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Henry, Vieira reunion ends in stalemate

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Thierry Henry embraces Patrick Vieira prior to Wednesday’s clash between Monaco and Nice © AFP / VALERY HACHE

PARIS, France, Jan 16 – It was honours even between Thierry Henry and Patrick Vieira as the old France and Arsenal teammates clashed for the first time as coaches on Wednesday in a controversy-laden 1-1 draw between Monaco and Nice.

The presence of the two greats in the respective dugouts made an international event out of what is usually little more than a hotly contested local derby on the Cote d’Azur.

It was a spicy encounter, with Allan Saint-Maximin putting Nice ahead before youngster Benoit Badiashile levelled for the hosts in the second half.

Nice played half the game with 10 men but also saw Saint-Maximin miss a great chance to win all three points when he had a late penalty saved.

Members of France’s 1998 World Cup-winning side and later colleagues for six years in Arsene Wenger’s Arsenal team, Henry and Vieira embraced warmly before kick-off at the Stade Louis II.

They did so again at full-time, both allowing themselves a smile even though the stalemate did not satisfy either man.

“It was strange,” Henry said about taking on his old friend.

“We played together for a long time and we came up the steps together,” from the dressing rooms. “We had a little chat but we were both focused on the match.”

Henry’s side are scrapping to pull away from the relegation zone in Ligue 1, and they remain 19th in the table, three points adrift of outright safety. They have still not won at home this season.

“A point is not enough, but we could also have been talking about a defeat here,” he said.

Vieira’s Nice, meanwhile, have lost just once in 10 league matches but might regret dropping two points in their quest to qualify for Europe.

“Thierry can be pleased, but that said the draw was the right result,” admitted Vieira, who took over last year after leaving New York City FC.

– Fabregas absent –

Henry and Vieira were facing each other as coaches for the first time © AFP / VALERY HACHE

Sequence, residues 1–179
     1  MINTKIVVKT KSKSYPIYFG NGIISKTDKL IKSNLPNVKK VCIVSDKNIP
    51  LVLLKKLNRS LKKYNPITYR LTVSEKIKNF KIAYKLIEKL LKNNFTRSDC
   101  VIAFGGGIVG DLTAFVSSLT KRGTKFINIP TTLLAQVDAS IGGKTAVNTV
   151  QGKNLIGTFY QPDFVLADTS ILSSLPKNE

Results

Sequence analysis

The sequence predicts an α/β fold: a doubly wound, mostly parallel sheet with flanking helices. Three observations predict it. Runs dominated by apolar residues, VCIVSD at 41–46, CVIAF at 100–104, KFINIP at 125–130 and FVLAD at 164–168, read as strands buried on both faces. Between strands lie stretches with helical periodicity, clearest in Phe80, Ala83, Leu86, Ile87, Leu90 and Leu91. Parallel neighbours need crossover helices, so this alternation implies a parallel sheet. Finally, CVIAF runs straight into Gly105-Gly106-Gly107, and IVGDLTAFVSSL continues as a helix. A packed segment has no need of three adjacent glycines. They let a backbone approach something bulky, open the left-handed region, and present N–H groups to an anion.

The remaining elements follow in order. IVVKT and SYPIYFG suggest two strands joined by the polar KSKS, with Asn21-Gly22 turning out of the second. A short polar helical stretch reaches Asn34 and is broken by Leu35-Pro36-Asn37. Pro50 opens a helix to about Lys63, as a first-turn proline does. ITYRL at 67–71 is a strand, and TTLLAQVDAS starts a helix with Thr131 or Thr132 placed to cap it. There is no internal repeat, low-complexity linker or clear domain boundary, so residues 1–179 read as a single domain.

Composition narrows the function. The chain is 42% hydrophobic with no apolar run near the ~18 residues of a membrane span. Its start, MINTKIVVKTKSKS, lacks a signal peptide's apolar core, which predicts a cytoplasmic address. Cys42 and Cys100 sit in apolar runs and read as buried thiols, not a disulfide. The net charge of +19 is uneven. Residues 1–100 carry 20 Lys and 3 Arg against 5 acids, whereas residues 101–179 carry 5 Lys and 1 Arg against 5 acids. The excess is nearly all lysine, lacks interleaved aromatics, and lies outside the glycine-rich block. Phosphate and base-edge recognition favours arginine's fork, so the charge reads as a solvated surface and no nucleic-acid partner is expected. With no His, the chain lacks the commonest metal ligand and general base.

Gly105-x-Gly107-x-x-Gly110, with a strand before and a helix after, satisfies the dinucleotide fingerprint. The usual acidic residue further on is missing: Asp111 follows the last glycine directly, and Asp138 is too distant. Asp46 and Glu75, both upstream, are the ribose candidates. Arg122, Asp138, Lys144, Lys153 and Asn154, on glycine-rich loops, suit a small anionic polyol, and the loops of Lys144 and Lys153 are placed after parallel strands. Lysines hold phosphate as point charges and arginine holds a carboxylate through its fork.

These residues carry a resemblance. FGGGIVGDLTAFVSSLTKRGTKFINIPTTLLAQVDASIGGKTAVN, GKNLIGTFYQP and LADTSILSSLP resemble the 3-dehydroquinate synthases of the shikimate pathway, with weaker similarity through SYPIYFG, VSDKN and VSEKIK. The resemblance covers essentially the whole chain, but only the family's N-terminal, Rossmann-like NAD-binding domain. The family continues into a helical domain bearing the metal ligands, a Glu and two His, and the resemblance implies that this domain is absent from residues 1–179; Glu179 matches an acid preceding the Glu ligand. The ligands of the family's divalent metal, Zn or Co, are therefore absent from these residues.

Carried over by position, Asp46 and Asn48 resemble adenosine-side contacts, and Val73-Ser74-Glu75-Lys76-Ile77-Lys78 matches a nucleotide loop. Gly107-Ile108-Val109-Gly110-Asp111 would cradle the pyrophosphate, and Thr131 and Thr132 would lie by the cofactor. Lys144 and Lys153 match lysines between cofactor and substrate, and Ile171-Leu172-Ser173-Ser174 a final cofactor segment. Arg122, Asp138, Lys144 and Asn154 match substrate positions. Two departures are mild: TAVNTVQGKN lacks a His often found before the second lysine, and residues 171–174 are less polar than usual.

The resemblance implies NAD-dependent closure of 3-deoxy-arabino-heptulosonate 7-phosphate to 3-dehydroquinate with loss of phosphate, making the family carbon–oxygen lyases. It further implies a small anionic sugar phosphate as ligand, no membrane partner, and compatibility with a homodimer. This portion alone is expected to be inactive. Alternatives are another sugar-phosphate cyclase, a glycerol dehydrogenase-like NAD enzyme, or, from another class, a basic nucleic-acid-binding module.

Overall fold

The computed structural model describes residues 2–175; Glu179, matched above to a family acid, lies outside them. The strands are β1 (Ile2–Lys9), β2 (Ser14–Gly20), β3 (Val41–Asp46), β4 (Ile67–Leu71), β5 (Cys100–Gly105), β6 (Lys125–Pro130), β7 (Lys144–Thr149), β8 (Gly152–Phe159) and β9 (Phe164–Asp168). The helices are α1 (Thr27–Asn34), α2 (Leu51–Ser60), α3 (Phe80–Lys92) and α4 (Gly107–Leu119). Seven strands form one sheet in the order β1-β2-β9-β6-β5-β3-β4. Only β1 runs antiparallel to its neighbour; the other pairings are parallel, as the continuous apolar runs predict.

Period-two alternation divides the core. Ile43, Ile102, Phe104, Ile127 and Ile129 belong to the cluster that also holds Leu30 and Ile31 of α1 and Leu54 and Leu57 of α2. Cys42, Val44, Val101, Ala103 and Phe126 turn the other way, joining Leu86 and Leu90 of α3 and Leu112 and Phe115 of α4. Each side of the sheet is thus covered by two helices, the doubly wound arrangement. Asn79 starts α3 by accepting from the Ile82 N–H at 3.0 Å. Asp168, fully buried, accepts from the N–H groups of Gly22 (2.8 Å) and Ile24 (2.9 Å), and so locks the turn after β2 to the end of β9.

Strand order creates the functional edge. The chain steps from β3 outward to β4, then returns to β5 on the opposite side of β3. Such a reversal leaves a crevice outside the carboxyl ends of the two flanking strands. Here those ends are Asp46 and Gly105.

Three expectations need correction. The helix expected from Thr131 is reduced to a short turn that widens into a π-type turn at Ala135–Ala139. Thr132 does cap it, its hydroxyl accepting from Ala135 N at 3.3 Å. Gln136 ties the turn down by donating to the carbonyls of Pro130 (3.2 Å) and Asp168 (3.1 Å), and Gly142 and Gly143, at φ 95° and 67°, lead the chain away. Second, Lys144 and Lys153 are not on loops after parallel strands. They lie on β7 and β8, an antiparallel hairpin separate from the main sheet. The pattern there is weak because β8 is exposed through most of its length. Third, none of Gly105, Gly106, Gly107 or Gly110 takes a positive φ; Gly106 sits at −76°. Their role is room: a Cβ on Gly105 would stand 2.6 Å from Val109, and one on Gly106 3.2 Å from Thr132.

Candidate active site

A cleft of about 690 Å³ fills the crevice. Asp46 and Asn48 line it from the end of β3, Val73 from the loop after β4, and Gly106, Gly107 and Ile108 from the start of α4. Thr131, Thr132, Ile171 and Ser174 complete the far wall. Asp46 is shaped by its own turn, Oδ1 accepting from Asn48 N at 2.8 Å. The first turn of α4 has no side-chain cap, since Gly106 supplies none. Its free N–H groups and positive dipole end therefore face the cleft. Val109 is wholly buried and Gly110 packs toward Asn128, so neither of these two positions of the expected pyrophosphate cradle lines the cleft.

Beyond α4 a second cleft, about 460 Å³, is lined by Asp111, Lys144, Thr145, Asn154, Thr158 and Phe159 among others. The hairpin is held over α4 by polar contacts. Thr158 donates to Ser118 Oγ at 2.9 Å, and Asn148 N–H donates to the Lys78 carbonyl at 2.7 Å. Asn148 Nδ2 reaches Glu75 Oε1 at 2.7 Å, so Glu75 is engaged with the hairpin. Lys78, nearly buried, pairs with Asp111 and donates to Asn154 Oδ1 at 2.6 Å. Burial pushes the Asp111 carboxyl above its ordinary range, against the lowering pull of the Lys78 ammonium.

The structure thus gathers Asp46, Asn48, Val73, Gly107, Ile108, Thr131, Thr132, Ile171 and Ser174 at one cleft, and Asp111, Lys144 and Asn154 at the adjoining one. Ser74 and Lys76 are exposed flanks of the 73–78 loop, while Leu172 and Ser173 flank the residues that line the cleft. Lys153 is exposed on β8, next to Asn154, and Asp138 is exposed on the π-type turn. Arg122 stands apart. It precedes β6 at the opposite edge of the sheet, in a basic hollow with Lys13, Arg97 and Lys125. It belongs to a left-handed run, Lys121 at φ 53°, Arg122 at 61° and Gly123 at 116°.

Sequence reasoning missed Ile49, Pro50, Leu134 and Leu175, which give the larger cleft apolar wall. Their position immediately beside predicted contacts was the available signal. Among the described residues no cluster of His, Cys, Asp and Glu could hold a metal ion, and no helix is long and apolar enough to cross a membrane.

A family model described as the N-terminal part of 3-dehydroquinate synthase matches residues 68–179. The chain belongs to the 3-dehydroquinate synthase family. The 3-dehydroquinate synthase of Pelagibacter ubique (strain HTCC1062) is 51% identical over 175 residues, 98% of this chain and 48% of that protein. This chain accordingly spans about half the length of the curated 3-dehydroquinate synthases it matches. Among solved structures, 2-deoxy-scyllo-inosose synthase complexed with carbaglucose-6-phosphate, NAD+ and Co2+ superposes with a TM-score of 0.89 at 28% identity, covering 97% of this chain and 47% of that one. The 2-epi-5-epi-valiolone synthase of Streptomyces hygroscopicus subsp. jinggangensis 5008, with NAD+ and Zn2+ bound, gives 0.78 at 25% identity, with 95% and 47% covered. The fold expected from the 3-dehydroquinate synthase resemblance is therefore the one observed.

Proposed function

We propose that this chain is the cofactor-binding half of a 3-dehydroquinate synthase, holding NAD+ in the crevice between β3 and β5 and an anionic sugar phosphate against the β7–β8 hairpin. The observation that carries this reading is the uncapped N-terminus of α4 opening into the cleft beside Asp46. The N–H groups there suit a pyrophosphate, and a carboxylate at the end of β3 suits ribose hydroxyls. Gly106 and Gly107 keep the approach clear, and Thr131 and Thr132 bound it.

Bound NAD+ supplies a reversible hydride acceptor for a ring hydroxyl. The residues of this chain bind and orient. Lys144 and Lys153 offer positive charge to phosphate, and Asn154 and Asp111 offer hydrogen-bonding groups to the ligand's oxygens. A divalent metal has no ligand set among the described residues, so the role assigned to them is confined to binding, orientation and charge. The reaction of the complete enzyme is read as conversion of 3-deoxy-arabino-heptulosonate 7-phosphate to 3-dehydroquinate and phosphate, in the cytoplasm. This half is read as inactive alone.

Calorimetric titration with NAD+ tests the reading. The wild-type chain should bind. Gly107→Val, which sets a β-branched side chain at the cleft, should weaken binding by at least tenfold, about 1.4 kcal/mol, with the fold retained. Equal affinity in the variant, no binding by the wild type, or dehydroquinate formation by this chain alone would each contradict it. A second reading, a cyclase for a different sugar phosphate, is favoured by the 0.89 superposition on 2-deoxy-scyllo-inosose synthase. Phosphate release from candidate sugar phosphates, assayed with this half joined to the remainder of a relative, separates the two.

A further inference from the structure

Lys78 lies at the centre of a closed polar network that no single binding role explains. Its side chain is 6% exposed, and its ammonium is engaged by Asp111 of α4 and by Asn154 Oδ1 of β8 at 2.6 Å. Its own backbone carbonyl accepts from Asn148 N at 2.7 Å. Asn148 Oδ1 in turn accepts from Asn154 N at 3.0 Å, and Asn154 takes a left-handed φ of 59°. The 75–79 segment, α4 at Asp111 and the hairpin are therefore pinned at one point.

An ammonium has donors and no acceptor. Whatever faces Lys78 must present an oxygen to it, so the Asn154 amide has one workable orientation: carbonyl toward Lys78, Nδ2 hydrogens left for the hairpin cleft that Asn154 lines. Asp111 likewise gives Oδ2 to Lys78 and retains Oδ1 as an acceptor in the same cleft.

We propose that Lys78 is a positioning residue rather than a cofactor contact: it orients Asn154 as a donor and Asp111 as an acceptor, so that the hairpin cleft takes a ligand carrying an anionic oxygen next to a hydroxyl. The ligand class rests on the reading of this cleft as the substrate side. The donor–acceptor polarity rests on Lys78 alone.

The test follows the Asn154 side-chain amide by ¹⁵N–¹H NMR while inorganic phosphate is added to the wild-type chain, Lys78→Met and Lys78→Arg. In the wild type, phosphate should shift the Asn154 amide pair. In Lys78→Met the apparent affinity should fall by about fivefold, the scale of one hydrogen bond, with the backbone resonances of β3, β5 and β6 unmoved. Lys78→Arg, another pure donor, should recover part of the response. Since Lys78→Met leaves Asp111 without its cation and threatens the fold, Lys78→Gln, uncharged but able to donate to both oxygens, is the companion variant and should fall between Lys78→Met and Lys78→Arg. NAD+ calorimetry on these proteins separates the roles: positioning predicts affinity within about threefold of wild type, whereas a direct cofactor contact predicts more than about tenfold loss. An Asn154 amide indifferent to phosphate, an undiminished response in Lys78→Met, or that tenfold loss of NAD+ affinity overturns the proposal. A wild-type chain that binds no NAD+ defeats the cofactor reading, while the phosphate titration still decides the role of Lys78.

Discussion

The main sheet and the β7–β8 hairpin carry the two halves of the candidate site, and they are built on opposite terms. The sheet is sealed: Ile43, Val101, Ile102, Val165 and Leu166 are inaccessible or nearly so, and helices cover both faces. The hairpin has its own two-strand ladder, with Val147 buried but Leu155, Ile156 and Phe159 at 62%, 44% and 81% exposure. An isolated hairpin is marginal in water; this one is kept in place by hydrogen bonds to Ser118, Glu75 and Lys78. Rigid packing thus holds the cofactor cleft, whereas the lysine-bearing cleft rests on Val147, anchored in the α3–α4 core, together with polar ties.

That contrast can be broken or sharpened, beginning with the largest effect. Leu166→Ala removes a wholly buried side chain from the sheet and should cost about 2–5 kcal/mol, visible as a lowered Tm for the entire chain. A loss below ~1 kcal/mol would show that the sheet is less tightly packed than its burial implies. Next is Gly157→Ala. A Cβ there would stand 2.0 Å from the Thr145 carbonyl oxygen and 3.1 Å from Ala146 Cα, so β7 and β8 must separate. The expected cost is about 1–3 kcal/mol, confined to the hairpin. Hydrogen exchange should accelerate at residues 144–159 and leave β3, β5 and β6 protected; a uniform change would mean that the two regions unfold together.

Henry, 41, has now won just twice in 11 league games since being appointed to his first coaching job in October, although performances have improved since the turn of the year.

He will also wonder how this game might have ended had new signing Cesc Fabregas been available.

The Spaniard — another former protege of Wenger’s at Arsenal — joined from Chelsea last week and made his debut at Marseille on Sunday.

Unveiled to the media earlier on Wednesday, he was nevertheless ineligible for this match because it was originally supposed to be played in December before being postponed due to security concerns linked to the ‘yellow vest’ protest movement in France.

Fabregas instead watched from the stands, and he saw Saint-Maximin, a former Monaco player, put Nice in front on the half-hour mark, running through to score after some sloppy play from the home side.

– Penalty miss –

That has characterised Monaco’s season, but they were helped when Nice were reduced to 10 men in first-half stoppage time.

Allan Saint-Maximin scored for Nice against his old team but later missed a penalty © AFP / VALERY HACHE

Ihsan Sacko raked his studs down the calf of Benjamin Henrichs, and was shown a straight red card after the referee reviewed the images.

The hosts then drew level early in the second half, Badiashile’s header just crossing the line despite the best efforts of Nice ‘keeper Walter Benitez.

There was controversy as referee Benoit Bastien used VAR again to give 10-man Nice a penalty in the 76th minute, despite the footage suggesting that Youcef Atal had dived.

Henry will feel that justice was done, though, as Saint-Maximin’s kick was saved by Diego Benaglio.

The home side could still have won it late on, but Radamel Falcao’s shot came back off the post, and Monaco are now just a point clear of bottom side Guingamp, who defeated Rennes 2-1.

Champions League hopefuls Lyon needed a brilliant late free-kick by Nabil Fekir to grab a point in a 2-2 draw at Toulouse, while Nimes beat Nantes 1-0.

Marseille’s rotten run persisted as they slumped to a 2-1 defeat at Saint-Etienne despite taking a first-half lead through Dutch midfielder Kevin Strootman.

Wahbi Khazri levelled from the penalty spot on the hour and the Tunisian slammed home a brilliant winner two minutes from time to bump Saint-Etienne up to third.

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